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Can a bouquet of 100 roses add quality to your love life?

Should there be a special day for celebrating love? For most grown-ups, it's just another day that spells more business for florists, chocolate connoisseurs’ and card shops owners. But for teens and those 20-somethings, it is one day worth waiting in the year.

sex and relationships Updated: Feb 14, 2015 15:46 IST
Deekshita Baruah
Deekshita Baruah
Hindustan Times
valentines day

Should there be a special day for celebrating love? For most grown-ups, it's just another day that spells more business for florists, chocolate connoisseurs’ and card shops owners. But for teens and those 20-somethings, it is one day worth waiting in the year.

A special day infused with love and affection -- the underhand classroom card exchanges and throw in the chocolates and pink-frosted cupcakes, and you really have to ask, "What's not to like?” It’s just another way of showing you have a loving heart.

“It’s an important day for young people like me. I expect something special this year. Though, I don’t want things to go over the top, but yes, gifts are always welcome,” says Akshdeep Kaur, a 21-year-old engineering student from Mohali's Chandigarh University.

While there are others who don’t have any special fondness for V-Day. “I am not against people celebrating love on V-day, but it is kind of illogical. Love can be celebrated every day, why limit it to just one person and just one day. If you absolutely want to do it, celebrate it with all your dear ones," says Delhi University's M.Sc student Tandrali Mazindar.

Whichever side of the divide you choose to stand, this is one day that brings out some very radical thoughts too. Says 18-year-old Vishal Rana, a student of DAV School in Chandigarh: “It is a flawed concept. It’s meant to spoil our Indian culture and traditions. I don’t find attacks on young couples strange anymore.”

Also watch: Valentine's Day is over-hyped, say India's young

From Los Angeles to India, ‘Anti-Valentine’s Day’ campaigns are de rigueur. And in some parts of the world, opposition toward the celebration runs much deeper -- tangled up in politics, religion, and national identity.

The Hindu Mahasabha, a Hindu nationalist group, which who has promised to force impromptu weddings on unmarried couples that publicly display affection for each other on ‘the day love’, has also vowed to dispatch teams to monitor the social media. According to them display of love in the entire week is equivalent to not following Indian traditions! Anyone found displaying love on WhatsApp will be caught hold of too.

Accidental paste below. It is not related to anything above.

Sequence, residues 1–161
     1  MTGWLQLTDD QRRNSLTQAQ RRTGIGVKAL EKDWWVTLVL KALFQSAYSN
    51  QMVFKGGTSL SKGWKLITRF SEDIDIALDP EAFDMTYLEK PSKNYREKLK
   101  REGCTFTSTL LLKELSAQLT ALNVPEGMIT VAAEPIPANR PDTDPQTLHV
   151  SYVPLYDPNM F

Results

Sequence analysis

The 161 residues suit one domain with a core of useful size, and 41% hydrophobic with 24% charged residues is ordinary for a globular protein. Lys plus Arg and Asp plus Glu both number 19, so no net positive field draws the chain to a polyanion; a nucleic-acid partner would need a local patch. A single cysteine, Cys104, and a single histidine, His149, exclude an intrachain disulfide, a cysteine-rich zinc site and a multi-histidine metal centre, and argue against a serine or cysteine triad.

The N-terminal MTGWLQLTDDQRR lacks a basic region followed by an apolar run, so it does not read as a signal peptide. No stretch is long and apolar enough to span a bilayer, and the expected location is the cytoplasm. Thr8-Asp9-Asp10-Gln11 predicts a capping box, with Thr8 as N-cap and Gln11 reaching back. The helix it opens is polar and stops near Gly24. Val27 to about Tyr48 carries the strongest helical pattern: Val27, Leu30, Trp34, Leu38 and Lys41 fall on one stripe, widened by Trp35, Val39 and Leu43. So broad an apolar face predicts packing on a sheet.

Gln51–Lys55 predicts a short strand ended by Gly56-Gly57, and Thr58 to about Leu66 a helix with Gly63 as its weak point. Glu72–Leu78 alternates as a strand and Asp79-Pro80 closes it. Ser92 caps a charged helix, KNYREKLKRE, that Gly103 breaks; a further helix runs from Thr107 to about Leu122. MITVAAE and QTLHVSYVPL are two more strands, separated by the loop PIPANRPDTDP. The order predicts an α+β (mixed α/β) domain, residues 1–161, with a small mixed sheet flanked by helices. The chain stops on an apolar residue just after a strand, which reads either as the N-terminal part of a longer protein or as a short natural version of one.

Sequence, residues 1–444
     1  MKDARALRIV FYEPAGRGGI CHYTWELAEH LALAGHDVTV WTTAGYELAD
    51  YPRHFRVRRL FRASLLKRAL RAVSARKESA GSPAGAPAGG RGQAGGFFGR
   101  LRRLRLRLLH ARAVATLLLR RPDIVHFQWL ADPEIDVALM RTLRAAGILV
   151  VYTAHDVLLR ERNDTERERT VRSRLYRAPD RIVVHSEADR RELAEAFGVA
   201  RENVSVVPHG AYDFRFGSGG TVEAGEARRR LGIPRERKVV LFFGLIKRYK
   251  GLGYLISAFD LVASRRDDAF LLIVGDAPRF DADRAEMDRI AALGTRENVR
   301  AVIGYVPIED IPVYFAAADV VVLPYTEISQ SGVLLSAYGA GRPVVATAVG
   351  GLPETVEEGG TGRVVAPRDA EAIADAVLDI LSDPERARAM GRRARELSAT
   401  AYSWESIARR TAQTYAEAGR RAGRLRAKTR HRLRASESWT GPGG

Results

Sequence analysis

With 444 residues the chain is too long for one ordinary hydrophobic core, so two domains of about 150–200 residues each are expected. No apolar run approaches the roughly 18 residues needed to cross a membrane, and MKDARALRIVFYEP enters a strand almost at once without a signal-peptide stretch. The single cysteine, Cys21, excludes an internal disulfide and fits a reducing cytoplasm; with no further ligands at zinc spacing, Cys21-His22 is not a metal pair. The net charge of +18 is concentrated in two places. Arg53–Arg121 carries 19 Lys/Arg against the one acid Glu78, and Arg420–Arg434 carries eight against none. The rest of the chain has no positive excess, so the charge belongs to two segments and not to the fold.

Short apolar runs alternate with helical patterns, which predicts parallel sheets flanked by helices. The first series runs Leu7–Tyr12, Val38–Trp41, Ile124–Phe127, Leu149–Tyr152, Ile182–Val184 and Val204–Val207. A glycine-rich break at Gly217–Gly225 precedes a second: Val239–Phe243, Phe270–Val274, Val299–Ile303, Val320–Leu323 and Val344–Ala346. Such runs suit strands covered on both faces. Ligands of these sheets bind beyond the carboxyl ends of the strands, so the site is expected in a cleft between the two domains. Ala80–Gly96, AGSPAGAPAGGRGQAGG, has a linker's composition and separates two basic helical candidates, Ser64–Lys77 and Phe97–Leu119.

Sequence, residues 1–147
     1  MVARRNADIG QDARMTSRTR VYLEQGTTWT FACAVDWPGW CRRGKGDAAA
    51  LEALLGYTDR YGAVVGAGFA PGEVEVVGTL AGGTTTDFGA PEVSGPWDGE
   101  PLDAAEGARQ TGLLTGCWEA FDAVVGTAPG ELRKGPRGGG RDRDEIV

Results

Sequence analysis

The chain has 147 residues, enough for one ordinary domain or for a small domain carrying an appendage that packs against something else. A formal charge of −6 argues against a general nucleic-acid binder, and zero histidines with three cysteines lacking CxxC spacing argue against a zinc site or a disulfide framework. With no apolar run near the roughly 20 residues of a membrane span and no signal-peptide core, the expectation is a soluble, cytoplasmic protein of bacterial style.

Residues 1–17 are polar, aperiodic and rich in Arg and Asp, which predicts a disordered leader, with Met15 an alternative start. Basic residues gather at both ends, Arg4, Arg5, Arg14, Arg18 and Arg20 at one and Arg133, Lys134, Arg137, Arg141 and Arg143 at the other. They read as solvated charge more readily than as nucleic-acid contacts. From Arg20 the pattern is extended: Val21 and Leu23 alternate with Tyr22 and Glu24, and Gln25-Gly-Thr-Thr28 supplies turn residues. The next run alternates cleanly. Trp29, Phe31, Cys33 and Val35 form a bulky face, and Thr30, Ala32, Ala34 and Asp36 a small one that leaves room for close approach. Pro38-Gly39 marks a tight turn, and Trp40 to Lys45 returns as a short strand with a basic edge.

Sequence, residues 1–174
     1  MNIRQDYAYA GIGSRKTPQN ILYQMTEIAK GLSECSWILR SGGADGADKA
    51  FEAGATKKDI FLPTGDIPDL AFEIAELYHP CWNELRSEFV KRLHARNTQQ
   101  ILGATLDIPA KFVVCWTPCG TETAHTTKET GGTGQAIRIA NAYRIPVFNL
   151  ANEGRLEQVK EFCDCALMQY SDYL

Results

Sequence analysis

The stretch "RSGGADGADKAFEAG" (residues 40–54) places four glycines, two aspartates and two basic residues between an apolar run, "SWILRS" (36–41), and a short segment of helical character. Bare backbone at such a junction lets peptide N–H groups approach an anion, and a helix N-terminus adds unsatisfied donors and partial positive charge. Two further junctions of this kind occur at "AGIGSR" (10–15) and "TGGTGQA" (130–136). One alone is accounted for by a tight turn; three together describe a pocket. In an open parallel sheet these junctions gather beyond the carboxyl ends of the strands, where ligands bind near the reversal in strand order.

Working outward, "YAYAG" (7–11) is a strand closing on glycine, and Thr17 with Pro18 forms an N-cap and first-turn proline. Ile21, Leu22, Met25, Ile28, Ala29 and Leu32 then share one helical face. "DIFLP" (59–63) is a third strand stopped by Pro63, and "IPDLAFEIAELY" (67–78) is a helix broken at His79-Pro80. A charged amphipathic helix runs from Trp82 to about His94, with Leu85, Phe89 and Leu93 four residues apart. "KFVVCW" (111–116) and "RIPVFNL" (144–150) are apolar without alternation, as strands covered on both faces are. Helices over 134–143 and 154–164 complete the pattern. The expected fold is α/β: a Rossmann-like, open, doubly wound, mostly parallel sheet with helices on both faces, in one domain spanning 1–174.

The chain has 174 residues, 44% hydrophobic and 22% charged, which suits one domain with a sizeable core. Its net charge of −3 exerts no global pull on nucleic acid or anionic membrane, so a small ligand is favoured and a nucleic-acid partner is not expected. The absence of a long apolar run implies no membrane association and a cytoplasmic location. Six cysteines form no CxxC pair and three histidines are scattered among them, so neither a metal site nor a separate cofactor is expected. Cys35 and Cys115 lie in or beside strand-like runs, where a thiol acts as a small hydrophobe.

So much for a progressive society!

Says 20-year-old Umang Agarwal, a BBA student from Mumbai: "V-Day is a great way to show your love. Everyone should get a chance to celebrate it. What Hindu Mahasabha is planning to do is not right. Their measures to monitor things are stronger than needed. It’s like you are being forced to marry just because you are seen outside with your partner. They need to realise that it’s not their choice but people’s choice to get married."

But Hindu Mahasabha is not alone in their fight. In Japan, a Marxist group called Kakumei-teki himote doumei (Revolutionary Alliance of Men That Woman Are Not Attracted To) is calling on supporters to march against the holiday in Tokyo’s Shibuya district. Then there are countries like Indonesia and Malaysia who have been fighting against V-Day celebrations since 2011. And not to forget Saudi Arabia, where last year, five men were sentenced to prison and public lashings for holding a Valentine’s Day party with women.

With so much hullabaloo surrounding the ‘special day of love’, we got in touch with a few youngsters across India to get a peek into their minds. Read on, we promise you, their responses might just stun you.

ChandigarhSpeak: "It’s for people who have someone special in their lives"

Though Valentine’s Day is like any other normal day for me, it holds special importance in many other people’s lives. Our generation is comfortable with the idea of such a day since it gives us a chance to show our affection to our loved ones.

Neha, student

I believe it’s for people who have someone special in their lives, or else sleep, have fun and enjoy life. Celebrations are a part of this day, though it differs from people to people.

Deepak Verma, BPO employee